Medical Laboratory Science (MLS) plays a vital role in the daily activities of infection prevention (IP). Though the scope is vast, one of the most important is the role MLS plays in the surveillance of healthcare associated infections (HAIs).

IPs utilize what are called “surveillance definitions” to identify HAIs, which help standardize the way IPs ultimately call different types of infections across the country. This is in contrast to what one would consider a “clinical definition,” or the clinical diagnosis of an active infection. Though the two may seem interchangeable, there are very important differences that exist between the two – most importantly that surveillance-defined events do not necessarily correlate to the existence of a true clinical infection. Inversely, not all clinical infections are going to be defined as a HAI using the respective surveillance definition. That being said, the two often exist simultaneously as surveillance definitions utilize clinical signs, symptoms, imaging, and lab results in the definition formulae.

Figure 1: Urinary Tract Infection Criteria

IPs primarily follow the National Health Safety Network (NHSN) guidelines, part of the Centers for Disease Control and a prevention (CDC), as defined in the Patient Safety Component Manual which provides standardized definitions for the surveillance of HAIs. This manual provides definitions for several event types, including Catheter Associated Urinary Tract Infections (CAUTI), Central Line Associated Blood Stream Infections (CLABSI), and Surgical Site Infections (SSI) to name a few. Additionally, NHSN provides LabID definitions for healthcare-onset Clostridioides difficile infection (CDI) and MRSA bacteremia.

For example, when defining a CAUTI, as IPs we must pull together several important elements to ultimately call an event (Figure 1).

From the definition of a Symptomatic UTI (SUTI) several elements exist, including an eligible device (indwelling urinary device that has been in place for more than two (2) calendar days), a urine culture (with no more than two organisms identified, one of which must be >100k CFU), and one of several symptoms (fever, pain, tenderness, dysuria, etc.). You can see from the definition, that a defining piece of the puzzle is the results of a urine culture. In fact, this is the defining diagnostic element that sets the Infection Window Period (IWP) for the surveillance of a CAUTI – without it, there would be no event to evaluate (Figure 2).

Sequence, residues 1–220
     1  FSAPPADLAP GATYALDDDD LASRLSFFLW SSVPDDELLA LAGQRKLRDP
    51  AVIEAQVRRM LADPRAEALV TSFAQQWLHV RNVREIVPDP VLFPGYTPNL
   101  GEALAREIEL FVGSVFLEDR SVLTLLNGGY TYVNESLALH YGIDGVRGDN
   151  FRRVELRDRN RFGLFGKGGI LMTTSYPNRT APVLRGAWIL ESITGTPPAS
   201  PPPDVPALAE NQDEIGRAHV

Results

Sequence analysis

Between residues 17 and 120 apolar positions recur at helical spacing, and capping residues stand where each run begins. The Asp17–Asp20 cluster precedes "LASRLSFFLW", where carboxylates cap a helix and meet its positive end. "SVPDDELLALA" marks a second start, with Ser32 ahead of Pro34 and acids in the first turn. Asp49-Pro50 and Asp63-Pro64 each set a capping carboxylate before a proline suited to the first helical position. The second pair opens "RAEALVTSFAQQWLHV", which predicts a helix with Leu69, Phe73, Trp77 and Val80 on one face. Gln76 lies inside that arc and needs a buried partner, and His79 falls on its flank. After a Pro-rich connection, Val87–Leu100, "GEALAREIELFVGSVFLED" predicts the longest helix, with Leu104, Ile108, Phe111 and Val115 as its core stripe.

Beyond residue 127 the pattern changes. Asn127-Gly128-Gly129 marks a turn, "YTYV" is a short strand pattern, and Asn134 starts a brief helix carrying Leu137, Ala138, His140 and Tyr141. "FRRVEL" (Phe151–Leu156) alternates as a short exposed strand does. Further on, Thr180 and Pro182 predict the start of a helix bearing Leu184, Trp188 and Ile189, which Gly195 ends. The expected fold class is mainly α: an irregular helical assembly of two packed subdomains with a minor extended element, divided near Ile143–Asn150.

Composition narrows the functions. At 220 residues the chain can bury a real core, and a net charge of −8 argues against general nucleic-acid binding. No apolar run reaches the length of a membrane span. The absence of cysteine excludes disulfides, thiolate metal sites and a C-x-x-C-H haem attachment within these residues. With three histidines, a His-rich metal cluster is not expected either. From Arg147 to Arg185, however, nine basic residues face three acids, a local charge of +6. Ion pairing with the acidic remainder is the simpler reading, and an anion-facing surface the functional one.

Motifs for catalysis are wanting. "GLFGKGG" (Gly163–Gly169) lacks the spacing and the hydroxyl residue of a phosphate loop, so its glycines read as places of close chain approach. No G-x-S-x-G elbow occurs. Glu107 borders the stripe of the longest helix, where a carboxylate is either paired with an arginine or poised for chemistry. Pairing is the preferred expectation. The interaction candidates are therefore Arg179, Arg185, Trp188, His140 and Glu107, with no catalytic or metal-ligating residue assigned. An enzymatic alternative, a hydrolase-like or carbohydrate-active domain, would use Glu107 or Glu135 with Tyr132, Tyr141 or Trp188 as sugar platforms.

Figure 2: SUTI Event Example

So where does the clinical lab come into play? The lab plays several important roles in this collaboration. First, the lab is responsible for evaluating the quality and appropriateness of clinical specimens. This includes validating appropriate specimen collection and test ordering, as well as proper aseptic set up of cultures. Secondly, the laboratory is vital for the appropriate interpretation of lab tests and microbial cultures. How cultures are reported can make or break the surveillance of particular infections. Lastly, the laboratory ensures the validity and quality of their results through quality assurance. Staying up to date with culture reporting guidelines (i.e., what organisms get worked up and how they get reported in the final test result) and evaluating the accuracy of testing provides an important level of assurance that the test results used in surveillance formulae are in-fact correct.

Why does this matter? Well, certain event types determined through surveillance are reported nationally to various agencies, including the Centers for Medicare and Medicaid (CMS). Through the Hospital-Acquired Condition (HAC) reduction program, CMS can withhold Medicare reimbursement from low performing hospitals in an effort to compel hospitals to focus on healthcare quality. On top of this, certain hospital safety ranking agencies, like the Leapfrog group, use NHSN-reported events in their ranking systems.

Aside from this, as mentioned before, surveillance and clinical events do not necessarily exist in a vacuum. Surveillance provides IPs with vital data that can either illuminate new opportunities or support change management of processes that will improve patient safety and health outcomes.


National Health Safety Network (2022). Patient safety component manual. Centers for Disease Control and Prevention.


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